Going along with these newfound desires to work on lower level systems, I once again decided I wasn't working hard enough and hurled myself further into my work for the next year. I had the portfolio development class for MSU's game specialization that fall, and I began pulling tons of late nighters and all nighters for my games. I look back on college and realize having a laptop and being able to take my work everywhere with me was both a blessing and a curse. I got to the point where I got a feature implemented into a game while in the back seat of a car on a coffee run. I was out of control, wanting to learn and accomplish so much, so fast. So was it worth it? Now that you've read through several paragraphs of me admitting to crunching increasingly more throughout college, I'm going to finally get to my point.

For the first Spring in a long time, I don't feel like college is a time bomb with only so much time left. Three years of increasingly stepping up my dedication to learning the art of game development has finally lead me to become the programmer I want to be. Maybe I worked too hard at times, but it's no small task to become a programmer cut out for game development in just four years time. The way I viewed life, if you want to get a job in the games industry, you have to become a good game developer, and the only way that that will happen is if you love making games and learning how to make even better games. I went back to GDC this year, and I'll be back again next year, because I love learning about all the crazy techniques people are developing and trying. People talk about how you have to have connections to make it as a game dev (what are we, film?), but I honestly think that's bull shit. I don't want your card because I want a job, I want your card because I want to be friends with people riding the edge of what games can do (speaking of which, props to the Battlefield 3 team). If you want to make games throw yourself at it, because only you can make yourself a crack game developer.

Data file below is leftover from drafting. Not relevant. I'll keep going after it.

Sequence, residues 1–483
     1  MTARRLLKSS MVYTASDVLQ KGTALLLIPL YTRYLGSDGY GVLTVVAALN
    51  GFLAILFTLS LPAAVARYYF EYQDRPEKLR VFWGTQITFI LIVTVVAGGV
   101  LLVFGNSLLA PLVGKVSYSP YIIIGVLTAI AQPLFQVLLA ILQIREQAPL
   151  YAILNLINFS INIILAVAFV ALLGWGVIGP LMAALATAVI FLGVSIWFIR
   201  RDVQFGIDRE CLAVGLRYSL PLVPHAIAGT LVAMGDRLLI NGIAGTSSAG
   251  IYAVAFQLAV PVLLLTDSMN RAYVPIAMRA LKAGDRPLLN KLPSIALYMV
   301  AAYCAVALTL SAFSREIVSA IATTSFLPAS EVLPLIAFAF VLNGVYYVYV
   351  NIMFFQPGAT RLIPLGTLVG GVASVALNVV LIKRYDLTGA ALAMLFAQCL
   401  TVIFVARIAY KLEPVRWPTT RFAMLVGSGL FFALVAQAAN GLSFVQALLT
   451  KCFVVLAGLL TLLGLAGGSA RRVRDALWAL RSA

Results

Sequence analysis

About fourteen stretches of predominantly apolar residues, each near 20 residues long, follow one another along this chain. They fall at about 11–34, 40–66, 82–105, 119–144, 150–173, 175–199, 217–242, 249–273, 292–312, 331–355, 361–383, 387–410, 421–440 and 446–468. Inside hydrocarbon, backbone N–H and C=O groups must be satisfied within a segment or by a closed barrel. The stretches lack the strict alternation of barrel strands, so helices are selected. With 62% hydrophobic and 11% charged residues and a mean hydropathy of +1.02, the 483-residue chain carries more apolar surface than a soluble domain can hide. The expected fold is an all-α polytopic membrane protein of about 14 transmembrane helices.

When I'm walking to the lab and I feel like I'd rather go home and sleep through the afternoon, I listen to one song consistently. It's called “Ali vs. Frazier 1” by a Massachusetts hardcore band named Bane. I think it summarizes my view's on what it takes to become successful at anything worthwhile, including game development:

(rumble, young man, rumble)
how many more days will you sit
and talk about your ambitions
all that you can be
the person you are dying to be
the place you want to get to
but always out of reach
before that fury swells inside of you
grows so big that it forever quiets you
stand up to your demons
make a run at your goliath
find the best, find the worst
waiting in both of you
it's not the who or the what that is lasting
but how you fight
that is the fight
the only mark that will not leave you
and I will feel my heart drum its final beat
if it meant that I have given this my all
there's nothing left for me to believe in
if not your, if not this...
what else is there but death?
(it's your's all on you)
give more
give everything
give blood

Tuesday, April 5, 2011

Image Space for Beginners

I'm doing a relatively simple post today because I've had way too many milestones and sleepless nights in the past 7 days. This is why I'm going to talk about a very basic concept for graphics programming: doing image space calculations and effects. I realize that there are many seasoned game developers that frequent this blog, but this one is for the ones who are just getting started.

Tools and Motivation

As a developer of a real-time graphics technology (video games), you are almost certainly going to be making use of a GPU to accelerate your graphics processing. The GPU exploits high parallelization of rendering to speed up its work, and is responsible for transforming your 3D world into a 2D plane that is displayed to the player on their computer scene. However, not all effects are easy to simulate in a 3 dimensional space. Thats where leveraging further work on the GPU to perform additional image space calculations can come in handy. Some of these are quite obvious, such as depth of field calculations, being that depth of field is an artifact of lenses. Other popular image space effects include motion blur, color correction, and anti-aliasing. Image space calculations are also the foundations of deferred shading and lighting, rendering techniques that are becoming increasingly popular to handle a large number of lights in a scene.